Bill Haynes

Most of my readers don’t know him, or even who he is, but I just learned that he was killed in an auto accident yesterday, on his way to church. Ironically, as Bill Simon (Bill’s webmaster and our mutual friend) tells me, the picture of him at his blog is one that he took of Bill in his F-86 flight suit on the Miata he was driving when he apparently was head-oned by an SUV. He reportedly died instantly.

Services Saturday — I suspect that Buzz Aldrin will be there, if he’s in LA. I’ll have more thoughts, and personal remembrances later, but suffice it to say that while he lived a long and full life, it wasn’t as long as he wanted, and now he’ll never make it into space, though he’s been working hard to make that happen not just for himself, but for all of us, longer than anyone else I can think of.

[Update a couple minutes later]

Going through Bill’s blog, I just noticed that this blog post, on the need to reduce the cost to open up space, may have been his last one.

[Update a few minutes later]

Here’s the initial story from The Daily Breeze, with no identification.

[Update late evening EDT]

The Daily Breeze has now provided the identification. As Bill might have said, schade, and scheisse.

The Chevy Small Block Of Space

Is that what the Merlin is? A little early to say, I’d say, but I think one could come up with some creative new vehicles using it in the lower stages and the R-10 up above. If I were in control of NASA R&T budgets, something I’d have done a long time ago was to pay Pratt to test them to destruction to determine how many restarts they could do and how many hours they could fire without refurbishment. If I were SpaceX, I’d be doing the same with Merlin. Perhaps they already are.

Speaking of rocket design, I see that the rocket scientists on the Hill have been sharpening their pencils. I guess that Bill Nelson not only flew into space once, but he must have stayed at a Holiday Inn Express, too.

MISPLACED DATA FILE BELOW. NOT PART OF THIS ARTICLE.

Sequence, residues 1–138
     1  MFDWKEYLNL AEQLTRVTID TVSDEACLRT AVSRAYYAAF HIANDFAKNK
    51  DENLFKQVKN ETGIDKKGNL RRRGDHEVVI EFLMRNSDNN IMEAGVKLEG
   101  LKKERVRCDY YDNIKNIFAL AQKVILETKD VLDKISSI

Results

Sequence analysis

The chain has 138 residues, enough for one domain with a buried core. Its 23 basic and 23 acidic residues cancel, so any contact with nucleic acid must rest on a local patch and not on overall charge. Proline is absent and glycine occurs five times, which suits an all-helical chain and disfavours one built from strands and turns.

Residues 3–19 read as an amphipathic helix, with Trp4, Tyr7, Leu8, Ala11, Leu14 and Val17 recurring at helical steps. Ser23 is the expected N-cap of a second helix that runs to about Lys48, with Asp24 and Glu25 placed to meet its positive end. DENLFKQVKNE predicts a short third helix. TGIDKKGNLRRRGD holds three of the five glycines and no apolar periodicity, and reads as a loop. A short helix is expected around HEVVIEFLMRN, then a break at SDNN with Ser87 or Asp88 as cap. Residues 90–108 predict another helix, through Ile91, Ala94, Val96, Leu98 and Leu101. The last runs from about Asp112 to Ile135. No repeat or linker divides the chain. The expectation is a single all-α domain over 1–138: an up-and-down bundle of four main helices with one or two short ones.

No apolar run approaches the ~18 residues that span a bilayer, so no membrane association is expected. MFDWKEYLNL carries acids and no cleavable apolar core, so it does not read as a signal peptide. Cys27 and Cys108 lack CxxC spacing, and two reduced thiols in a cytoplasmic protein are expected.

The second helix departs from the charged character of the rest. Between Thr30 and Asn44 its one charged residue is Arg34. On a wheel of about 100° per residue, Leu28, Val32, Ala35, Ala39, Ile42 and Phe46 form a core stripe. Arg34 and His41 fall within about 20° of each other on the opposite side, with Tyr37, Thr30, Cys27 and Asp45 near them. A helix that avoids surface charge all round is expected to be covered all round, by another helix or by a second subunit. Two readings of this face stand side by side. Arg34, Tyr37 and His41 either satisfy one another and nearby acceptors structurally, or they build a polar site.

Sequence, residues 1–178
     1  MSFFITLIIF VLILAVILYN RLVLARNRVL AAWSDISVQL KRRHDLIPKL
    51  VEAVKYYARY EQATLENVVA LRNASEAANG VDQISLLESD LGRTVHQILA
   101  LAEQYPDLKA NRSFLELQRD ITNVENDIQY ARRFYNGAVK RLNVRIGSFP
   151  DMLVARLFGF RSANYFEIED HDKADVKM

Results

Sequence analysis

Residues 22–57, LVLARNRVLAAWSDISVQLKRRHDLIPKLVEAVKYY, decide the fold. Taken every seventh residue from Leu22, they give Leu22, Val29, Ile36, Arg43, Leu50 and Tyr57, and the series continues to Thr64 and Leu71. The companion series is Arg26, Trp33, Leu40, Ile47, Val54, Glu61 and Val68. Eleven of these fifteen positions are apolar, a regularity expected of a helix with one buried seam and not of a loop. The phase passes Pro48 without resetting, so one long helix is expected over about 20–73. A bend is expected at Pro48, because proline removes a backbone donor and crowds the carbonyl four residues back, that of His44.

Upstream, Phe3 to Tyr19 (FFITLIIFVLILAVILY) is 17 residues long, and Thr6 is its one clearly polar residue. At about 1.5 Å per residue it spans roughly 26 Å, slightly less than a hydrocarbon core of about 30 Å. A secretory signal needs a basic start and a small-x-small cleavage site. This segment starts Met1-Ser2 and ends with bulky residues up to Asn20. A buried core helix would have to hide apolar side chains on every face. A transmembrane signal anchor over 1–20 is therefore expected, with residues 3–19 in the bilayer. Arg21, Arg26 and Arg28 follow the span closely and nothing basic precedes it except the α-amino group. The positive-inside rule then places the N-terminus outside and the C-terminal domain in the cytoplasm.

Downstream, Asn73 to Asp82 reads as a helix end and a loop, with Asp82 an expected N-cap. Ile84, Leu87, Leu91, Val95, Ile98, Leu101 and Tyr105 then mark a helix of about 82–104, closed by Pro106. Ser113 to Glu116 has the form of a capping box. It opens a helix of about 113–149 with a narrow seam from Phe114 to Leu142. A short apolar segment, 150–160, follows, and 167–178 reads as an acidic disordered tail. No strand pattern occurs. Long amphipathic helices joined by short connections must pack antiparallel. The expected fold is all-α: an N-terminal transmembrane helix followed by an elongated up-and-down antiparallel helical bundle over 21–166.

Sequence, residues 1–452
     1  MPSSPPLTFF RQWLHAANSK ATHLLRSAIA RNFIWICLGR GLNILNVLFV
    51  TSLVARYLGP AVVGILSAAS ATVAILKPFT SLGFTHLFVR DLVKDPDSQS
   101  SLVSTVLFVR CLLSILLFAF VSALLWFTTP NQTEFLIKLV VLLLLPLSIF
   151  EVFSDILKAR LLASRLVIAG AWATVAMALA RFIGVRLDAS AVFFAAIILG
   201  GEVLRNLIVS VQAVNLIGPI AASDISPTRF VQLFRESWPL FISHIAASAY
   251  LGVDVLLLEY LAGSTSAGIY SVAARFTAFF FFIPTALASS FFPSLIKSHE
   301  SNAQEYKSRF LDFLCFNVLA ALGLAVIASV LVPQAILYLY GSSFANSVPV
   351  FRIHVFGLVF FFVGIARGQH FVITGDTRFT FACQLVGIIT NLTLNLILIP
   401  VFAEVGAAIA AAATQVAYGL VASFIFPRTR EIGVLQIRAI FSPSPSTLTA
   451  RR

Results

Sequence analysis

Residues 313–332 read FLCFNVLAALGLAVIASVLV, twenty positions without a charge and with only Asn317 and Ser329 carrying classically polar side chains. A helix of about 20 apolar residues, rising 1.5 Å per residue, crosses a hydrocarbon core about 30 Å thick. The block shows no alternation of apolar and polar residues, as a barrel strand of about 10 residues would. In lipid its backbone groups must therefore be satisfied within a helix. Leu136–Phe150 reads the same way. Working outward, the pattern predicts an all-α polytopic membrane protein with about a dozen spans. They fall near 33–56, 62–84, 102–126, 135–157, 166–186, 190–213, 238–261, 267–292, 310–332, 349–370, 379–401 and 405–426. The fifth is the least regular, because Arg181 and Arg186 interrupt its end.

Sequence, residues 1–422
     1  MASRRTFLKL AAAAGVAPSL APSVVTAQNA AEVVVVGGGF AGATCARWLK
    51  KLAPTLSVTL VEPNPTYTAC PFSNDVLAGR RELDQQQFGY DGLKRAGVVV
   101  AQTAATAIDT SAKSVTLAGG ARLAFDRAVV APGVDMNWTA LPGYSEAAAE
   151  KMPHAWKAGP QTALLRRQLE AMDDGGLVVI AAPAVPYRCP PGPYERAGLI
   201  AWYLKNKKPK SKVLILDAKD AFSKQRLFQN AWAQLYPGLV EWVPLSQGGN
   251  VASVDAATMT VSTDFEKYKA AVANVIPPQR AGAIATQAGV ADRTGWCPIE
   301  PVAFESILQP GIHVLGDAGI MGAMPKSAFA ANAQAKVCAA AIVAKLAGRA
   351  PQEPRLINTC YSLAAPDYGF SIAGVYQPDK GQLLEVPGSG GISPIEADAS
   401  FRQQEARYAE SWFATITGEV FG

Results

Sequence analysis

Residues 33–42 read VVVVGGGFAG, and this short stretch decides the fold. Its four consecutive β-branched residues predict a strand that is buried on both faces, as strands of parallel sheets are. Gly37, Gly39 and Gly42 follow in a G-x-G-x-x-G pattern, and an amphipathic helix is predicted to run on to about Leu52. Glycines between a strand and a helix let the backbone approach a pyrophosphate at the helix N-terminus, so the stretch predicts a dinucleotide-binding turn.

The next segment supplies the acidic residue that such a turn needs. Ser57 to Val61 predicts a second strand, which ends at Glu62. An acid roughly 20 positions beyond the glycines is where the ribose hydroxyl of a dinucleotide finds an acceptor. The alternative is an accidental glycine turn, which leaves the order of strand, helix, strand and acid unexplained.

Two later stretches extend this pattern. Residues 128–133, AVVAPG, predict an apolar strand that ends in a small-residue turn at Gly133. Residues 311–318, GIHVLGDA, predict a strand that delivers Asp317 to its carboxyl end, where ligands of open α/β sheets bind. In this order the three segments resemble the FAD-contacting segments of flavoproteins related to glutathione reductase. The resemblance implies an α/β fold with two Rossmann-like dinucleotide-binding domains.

Whose Choice?

This is a fascinating article. A few years ago, in the context of his concerns about the general ability to redesign ourselves, I had a question for Stanley Kurtz:

Suppose we find that there is something different about the brains of gay men and women (a proposition for which there’s already abundant and growing evidence). If we can come up with an affordable, painless therapy that “fixes” this and converts them from “gay” to “straight,” should we a) allow them to take advantage of it, or b) forbid them from doing so, or c) require them to? And should “straight” (i.e., exclusively heterosexual) people be allowed to become gay, or bi?

I have a lot of thoughts about this but (to paraphrase Pascal) insufficient time to write them down right now (meetings all day). I will say, though, that in this particular case, I think that many of the “bioethicists” in question are less concerned about the ability of parents to design their children to be “normal” than they are about stigmatizing homosexuality.

[Update a while later]

Sorry, link’s fixed now.

Biting Commentary about Infinity…and Beyond!